U.S. must move past Yucca dump for nuclear waste, Chu says
Chu said the Yucca project failed to get backing from surrounding communities and 'produced years of continued acrimony, dispute, and uncertainty.'
Fri, Feb 11 2011 at 10:18 PM
NUCLEAR WASTE: Signs warn of a radiation hazard at a test well on top of Yucca Mountain. (Photo: Sam Morris/Las Vegas Sun)
WASHINGTON, D.C. - Energy Secretary Steven Chu on Friday reiterated the Obama administration's case against moving forward with a nuclear waste dump at Yucca Mountain in Nevada.
In a letter to the administration's blue ribbon commission on nuclear waste, Chu said the Yucca project failed to get backing from surrounding communities and "produced years of continued acrimony, dispute, and uncertainty."
"It is time for the commission, the Congress, and the American people to move toward a better, more widely-supported solution," Chu said.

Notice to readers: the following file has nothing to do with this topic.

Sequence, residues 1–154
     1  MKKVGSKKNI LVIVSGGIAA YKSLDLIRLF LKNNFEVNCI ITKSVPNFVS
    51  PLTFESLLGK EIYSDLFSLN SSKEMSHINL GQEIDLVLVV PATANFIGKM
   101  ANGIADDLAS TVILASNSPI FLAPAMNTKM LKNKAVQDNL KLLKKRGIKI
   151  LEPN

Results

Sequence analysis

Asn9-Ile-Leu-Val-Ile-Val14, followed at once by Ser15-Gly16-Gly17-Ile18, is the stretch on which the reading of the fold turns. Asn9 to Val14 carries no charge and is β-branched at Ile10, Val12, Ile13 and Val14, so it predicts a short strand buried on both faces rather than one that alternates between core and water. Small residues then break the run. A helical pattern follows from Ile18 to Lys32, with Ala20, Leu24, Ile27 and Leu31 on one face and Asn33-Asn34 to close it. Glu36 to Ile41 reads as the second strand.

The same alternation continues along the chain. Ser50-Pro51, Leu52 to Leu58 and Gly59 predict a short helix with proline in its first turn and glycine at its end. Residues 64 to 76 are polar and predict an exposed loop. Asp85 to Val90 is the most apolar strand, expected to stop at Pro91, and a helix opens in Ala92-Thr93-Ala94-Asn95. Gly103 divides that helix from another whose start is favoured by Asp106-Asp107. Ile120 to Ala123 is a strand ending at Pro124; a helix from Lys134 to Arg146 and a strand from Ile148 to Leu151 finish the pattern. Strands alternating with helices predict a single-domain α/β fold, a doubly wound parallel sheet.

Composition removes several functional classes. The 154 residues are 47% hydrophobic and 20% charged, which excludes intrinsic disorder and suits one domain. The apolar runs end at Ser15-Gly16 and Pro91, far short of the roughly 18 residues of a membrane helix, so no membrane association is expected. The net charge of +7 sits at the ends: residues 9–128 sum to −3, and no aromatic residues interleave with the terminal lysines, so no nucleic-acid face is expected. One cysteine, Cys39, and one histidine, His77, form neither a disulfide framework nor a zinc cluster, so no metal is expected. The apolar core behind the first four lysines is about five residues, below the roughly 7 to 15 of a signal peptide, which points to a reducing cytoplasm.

Chu set up the blue ribbon panel after deciding to scrap the long delayed Yucca project. The panel of former congressmen, academics, and business leaders is charged with coming up with a plan for disposing the nation's nuclear waste.
The panel must release a draft report by July and issue a final report by early next year.
The decision to scrap the Yucca dump site has raised the ire of some utilities and lawmakers, who say the United States has already spent years developing the project and the nation is legally obligated to take ownership of radioactive waste from the country's nuclear plants.
Chu stressed the administration's support for nuclear power. The department approved a loan guarantee last year for the construction of the first new U.S. nuclear plant in three decades.
He also said with existing loan guarantees and additional funding requested by the administration, an additional six to nine plants could be built.
Copyright 2011 Reuters Environmental Online Report